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Marina Antunes [Film Festival 10.01.18] Denmark drama crime

We first meet Sascha (Victoria Carmen Sonne), at the airport, a stylish young woman apparently on holidays in a beautiful seaside locale that is eventually revealed as Turkey. It's quickly apparent hat she's not travelling for leisure after all and that in fact, she's on business and though it's clear from an early interaction that the business is most likely something illegal, it's not clear what she's involved with for some time.

Isabella Eklof's Holiday follows Sascha as she feels her way in this world of crime and though she clearly knows the people she's in Turkey to meet, there's also a feeling that she's testing the waters of what she can and can't get away with. Michael, her boyfriend and the leader of their band of drug traffickers, is clearly used to having women follow his every whim and though he clearly likes Sascha, there's also a feeling that she could be replaced at any time.

And so for most of Holiday, we follow Sascha as she mostly enjoys the holidays, picking expensive jewellery, having long lunches and dinners and occasionally brushing up against the more nefarious parts of gangster life.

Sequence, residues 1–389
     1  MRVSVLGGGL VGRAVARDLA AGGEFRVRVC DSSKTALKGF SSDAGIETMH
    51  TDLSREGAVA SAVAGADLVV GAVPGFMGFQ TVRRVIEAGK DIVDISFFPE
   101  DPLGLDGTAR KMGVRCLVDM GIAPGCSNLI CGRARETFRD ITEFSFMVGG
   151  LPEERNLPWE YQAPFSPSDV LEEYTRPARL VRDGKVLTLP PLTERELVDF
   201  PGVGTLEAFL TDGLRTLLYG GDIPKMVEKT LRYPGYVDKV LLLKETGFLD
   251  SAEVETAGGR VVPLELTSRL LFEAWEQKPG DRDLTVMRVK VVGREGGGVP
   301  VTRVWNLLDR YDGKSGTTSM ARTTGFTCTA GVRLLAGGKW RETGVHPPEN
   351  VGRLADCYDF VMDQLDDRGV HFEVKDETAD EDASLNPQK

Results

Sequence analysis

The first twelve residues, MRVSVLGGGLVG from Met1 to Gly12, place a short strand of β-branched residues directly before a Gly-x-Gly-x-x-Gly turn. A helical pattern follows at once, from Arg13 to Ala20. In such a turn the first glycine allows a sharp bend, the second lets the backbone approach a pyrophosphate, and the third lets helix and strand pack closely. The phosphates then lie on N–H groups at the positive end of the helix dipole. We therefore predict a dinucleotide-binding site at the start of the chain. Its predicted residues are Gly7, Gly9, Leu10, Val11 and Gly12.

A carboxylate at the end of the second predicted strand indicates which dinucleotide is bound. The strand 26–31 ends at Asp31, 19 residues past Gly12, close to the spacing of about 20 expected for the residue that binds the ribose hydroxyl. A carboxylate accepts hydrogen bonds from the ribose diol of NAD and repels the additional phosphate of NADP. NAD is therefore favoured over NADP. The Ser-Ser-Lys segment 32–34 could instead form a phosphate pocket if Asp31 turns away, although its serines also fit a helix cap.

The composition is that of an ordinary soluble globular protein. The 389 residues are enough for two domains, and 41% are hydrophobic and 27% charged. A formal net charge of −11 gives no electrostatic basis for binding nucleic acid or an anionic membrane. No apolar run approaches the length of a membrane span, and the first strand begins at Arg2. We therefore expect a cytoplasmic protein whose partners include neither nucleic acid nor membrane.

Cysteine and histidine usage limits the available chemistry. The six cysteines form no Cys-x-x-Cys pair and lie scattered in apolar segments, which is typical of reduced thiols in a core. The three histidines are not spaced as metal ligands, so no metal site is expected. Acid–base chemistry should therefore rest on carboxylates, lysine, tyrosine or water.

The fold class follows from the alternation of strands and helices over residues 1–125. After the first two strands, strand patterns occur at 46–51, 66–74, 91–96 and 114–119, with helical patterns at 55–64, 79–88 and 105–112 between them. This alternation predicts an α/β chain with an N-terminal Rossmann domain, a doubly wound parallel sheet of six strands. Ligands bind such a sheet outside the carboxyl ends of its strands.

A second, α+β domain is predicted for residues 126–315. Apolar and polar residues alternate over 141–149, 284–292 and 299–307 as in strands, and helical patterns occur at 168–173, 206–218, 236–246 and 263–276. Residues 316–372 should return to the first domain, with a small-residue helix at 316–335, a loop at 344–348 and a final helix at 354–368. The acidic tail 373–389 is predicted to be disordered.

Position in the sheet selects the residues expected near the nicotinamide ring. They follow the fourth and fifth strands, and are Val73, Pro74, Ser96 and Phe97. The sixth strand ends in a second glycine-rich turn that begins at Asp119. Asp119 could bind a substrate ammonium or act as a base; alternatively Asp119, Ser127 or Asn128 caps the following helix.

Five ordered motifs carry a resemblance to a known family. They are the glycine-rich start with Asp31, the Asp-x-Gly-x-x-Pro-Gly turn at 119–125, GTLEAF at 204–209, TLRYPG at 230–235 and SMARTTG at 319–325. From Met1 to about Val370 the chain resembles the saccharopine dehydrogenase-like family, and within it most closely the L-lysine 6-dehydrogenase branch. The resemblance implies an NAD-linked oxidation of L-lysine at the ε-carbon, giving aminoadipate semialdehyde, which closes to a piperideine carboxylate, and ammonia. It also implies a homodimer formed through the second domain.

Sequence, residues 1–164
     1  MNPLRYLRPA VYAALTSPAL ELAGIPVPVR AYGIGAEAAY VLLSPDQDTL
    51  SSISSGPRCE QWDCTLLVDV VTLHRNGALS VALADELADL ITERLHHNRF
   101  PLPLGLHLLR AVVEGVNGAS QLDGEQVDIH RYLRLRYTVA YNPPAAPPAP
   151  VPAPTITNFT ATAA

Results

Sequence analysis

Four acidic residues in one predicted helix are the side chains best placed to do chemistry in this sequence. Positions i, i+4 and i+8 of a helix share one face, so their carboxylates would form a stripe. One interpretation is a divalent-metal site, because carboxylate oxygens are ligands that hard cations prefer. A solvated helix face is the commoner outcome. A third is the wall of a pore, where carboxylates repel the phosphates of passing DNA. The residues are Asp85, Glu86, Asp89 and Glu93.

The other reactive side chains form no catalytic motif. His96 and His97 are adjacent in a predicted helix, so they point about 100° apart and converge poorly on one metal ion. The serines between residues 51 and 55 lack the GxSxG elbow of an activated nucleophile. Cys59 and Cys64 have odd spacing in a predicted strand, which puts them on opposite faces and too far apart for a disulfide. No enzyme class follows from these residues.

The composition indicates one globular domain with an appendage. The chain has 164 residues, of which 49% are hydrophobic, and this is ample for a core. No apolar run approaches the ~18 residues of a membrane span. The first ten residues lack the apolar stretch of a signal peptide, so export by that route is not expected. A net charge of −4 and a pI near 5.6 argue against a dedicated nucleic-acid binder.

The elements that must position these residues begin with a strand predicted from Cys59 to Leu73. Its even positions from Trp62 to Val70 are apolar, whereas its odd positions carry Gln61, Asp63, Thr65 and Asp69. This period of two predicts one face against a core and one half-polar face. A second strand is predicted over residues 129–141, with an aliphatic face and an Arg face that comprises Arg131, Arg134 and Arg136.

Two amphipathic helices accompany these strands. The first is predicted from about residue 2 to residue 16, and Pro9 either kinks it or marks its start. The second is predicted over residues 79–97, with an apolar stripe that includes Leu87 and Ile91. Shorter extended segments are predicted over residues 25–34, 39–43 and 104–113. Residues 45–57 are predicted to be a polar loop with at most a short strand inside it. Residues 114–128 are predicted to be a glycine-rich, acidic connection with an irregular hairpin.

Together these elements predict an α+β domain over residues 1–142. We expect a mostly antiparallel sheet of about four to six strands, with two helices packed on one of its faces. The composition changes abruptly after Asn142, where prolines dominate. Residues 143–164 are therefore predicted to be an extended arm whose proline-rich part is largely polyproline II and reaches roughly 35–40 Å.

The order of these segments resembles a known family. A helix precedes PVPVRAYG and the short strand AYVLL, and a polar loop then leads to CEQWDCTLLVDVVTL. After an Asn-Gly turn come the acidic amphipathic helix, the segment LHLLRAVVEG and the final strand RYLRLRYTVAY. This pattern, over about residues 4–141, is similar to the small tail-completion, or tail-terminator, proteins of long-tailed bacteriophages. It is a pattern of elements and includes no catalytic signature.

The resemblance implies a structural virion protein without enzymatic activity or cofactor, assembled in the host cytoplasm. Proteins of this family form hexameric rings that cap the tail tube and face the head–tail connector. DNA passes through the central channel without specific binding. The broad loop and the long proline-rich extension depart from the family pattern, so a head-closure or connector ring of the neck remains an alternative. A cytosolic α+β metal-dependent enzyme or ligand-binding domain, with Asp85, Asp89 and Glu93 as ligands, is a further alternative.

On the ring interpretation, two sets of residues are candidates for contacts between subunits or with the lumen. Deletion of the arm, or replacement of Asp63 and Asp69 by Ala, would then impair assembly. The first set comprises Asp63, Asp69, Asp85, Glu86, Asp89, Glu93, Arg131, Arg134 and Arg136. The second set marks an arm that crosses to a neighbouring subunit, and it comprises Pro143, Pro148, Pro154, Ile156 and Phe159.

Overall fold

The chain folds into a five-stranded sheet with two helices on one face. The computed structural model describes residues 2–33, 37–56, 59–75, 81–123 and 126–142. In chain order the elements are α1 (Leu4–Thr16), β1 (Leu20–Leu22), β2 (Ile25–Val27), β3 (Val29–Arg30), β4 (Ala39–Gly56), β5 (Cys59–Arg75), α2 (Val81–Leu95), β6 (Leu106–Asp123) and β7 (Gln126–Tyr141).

For the most part, Eklof's feature film debut, which she co-wrote with Johanne Algren, feels like a meandering observation of the life of a trophy girlfriend to a shady guy with a violent streak. As the story develops, it's clear that Eklof and Algren have other things they want to explore and some of those themes begin to bubble to the surface when Sascha's flirtation with a man named Thomas catches the attention of Michael who clearly feels threatened by the younger man. This rivalry sets off a series of events which turn Holiday from a beautiful but forgettable drama into something far more complicated.

By following Sascha, Eklof gets at Michael's petty insecurities while also highlighting the wanna-be mobster's capacity for evil. He's violent and controlling and knows exactly what buttons to push to keep his people in line and Sascha is no exception. For her part, Sonne plays Sascha as a wide-eyed innocent girl but she's also smart and when that facade no longer protects her, she looks for other ways to make herself indispensable.

It's difficult to recommend Holiday because the violence towards Sascha is so blatant and repetitive, and perhaps that's the point; the normalization of it as part of this world that Sascha is buying her way into which makes you wonder where she's coming from that she finds this acceptable.

In the end, I found the themes of Holiday and the mental workout the movie provided post-screening really enjoyable but it's a difficult watch.

Holiday is currently playing the festival circuit.

Recommended Release: Miss Bala

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